Saturday, February 25, 2017

"Saving" Social Security

Of course, we all know that Social Security doesn't have to be "saved".  The US government can always create enough dollars to pay Social Security benefits, forever.  The only question is whether the US economy will produce enough goods and services for those Social Security dollars to buy. 

But, we operate under the illusion that some of our Social Security taxes go, and have been going, since 1983, into a "trust fund", from which future benefits will be paid, if the annual tax is lower than the annual benefits.  And that if the "trust fund" balance falls to zero, benefits would have to be cut, or taxes raised, because there is no other source of money for the benefits.  What nonsense!  What would we do if the Defense Department had a "trust fund", and the balance went to zero?  We'd issue some Treasury Bonds and keep paying the soldiers, that's what.  (The need for bond-selling as a source of money is also an illusion, but I won't get into that today.)

Our new President has promised to “save” Social Security and Medicare, and there is even a TV commercial now showing him saying so and asking viewers to tell their Congressman to do it.

So, given the fantasy world in which we operate, it would help if we could somehow increase the balance in the Social Security "trust fund". And given the policies advocated by the current President, I have thought of a way we can do that – a way that should not be total anathema to the other party.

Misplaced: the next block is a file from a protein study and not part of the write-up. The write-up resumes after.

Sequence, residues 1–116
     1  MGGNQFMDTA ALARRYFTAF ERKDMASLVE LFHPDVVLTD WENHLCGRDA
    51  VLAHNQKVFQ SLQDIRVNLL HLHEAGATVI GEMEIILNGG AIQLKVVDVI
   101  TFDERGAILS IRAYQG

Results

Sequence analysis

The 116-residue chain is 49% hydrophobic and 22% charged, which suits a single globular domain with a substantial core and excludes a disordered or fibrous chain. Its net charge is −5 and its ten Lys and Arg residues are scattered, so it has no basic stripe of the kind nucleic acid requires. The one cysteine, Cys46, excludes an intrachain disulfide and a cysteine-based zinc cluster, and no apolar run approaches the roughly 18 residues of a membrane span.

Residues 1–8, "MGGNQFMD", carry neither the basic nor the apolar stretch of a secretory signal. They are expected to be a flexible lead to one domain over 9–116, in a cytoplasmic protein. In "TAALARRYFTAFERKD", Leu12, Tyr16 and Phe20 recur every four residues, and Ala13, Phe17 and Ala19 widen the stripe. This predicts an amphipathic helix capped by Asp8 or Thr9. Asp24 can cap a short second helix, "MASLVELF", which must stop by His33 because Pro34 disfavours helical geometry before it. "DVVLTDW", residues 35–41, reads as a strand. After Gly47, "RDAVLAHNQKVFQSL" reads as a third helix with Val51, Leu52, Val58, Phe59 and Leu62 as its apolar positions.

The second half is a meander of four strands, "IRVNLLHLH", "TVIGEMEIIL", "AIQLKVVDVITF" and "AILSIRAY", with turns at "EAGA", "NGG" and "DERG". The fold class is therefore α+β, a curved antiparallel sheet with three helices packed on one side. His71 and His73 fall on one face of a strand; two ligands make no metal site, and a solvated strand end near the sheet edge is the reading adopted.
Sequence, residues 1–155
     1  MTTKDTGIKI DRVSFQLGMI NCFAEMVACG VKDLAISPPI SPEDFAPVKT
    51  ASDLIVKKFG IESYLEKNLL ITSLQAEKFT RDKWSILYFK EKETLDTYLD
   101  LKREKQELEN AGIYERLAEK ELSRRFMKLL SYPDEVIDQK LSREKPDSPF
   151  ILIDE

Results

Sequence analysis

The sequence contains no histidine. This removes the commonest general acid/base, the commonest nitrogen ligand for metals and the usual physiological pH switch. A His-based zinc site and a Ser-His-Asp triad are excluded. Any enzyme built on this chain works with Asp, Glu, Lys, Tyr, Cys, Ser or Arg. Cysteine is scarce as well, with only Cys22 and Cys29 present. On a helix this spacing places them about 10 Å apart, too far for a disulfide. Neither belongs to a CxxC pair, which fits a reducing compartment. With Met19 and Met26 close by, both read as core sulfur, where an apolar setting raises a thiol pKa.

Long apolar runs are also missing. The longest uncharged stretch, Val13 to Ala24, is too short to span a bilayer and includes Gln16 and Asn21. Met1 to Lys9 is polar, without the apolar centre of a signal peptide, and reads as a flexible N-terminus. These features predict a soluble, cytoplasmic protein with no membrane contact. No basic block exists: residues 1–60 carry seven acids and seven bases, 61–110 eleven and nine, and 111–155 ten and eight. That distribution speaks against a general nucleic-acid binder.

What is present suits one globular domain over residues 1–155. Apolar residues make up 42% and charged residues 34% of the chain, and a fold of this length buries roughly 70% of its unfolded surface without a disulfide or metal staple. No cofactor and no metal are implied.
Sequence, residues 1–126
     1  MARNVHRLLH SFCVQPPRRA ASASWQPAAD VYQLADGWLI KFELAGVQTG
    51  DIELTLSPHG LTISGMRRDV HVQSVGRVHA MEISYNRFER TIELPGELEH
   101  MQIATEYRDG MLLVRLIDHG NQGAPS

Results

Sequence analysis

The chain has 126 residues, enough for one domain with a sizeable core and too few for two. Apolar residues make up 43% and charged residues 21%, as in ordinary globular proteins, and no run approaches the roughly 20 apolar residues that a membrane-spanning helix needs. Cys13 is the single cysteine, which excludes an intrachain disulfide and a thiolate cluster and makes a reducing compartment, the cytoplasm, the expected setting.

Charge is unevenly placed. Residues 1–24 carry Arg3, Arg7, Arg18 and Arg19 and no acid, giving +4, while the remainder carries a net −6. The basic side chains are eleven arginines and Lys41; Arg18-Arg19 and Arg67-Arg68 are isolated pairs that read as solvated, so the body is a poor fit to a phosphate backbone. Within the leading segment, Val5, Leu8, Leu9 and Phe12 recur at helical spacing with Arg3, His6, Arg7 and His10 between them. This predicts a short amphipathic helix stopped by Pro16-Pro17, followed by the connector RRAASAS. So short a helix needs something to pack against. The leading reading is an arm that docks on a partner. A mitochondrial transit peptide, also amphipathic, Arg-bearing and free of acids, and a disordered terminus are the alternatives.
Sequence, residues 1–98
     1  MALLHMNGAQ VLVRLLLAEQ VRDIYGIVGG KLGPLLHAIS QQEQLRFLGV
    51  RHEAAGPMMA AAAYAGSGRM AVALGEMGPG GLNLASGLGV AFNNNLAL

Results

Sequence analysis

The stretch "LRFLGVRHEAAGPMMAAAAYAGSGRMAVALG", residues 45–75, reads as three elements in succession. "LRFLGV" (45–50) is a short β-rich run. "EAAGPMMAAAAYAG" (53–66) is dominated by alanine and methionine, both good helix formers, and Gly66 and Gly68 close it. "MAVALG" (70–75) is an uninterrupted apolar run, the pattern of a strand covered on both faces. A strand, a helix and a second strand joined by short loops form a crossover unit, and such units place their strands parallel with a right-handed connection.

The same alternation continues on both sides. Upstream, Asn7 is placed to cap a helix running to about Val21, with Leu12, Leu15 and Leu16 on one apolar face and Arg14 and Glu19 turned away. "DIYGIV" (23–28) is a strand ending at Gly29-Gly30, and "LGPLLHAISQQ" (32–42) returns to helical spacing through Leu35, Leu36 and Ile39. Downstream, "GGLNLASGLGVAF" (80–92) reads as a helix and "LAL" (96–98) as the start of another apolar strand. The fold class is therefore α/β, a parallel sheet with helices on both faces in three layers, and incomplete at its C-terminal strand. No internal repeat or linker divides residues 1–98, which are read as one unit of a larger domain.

Jobs is the popular shared concern. Every politician is in favor of more American jobs. Clearly, some American jobs have been lost to multi-national American companies moving them to areas of lower labor cost, or outsourcing them to companies employing foreign workers at lower wages than American workers would have demanded. The well-known formula is that if you want less of something, you tax it. And then add the new tax to the Social Security “trust fund”.

The tax would be at the rate of the FICA (Social Security and Medicare) tax, and paid by companies that have outsourced work formerly done in America to other countries, whether directly or through a third party. The rate is the total (employer + employee) FICA tax rate, and the tax base is the amount that would have been paid to an American worker, not the lower amount that was actually paid to the foreign worker. Adding this tax to the “trust fund” would substitute for some or all of a tax increase or benefit cut that our illusion would otherwise demand of us.

For jobs outsourced in future years, the rate could be doubled. For jobs insourced during the tax year, the company could get a temporary break on the FICA tax, and the government would make the contribution to the “trust fund” on their behalf, just as was done in 2011 and 2012.

This plan could substitute for the proposed “border tax”, a very bad idea which would tend to reduce trade and incomes worldwide, and increase prices at the same time.

So call your Congressman, and tell him to save Social Security, and how to do it.

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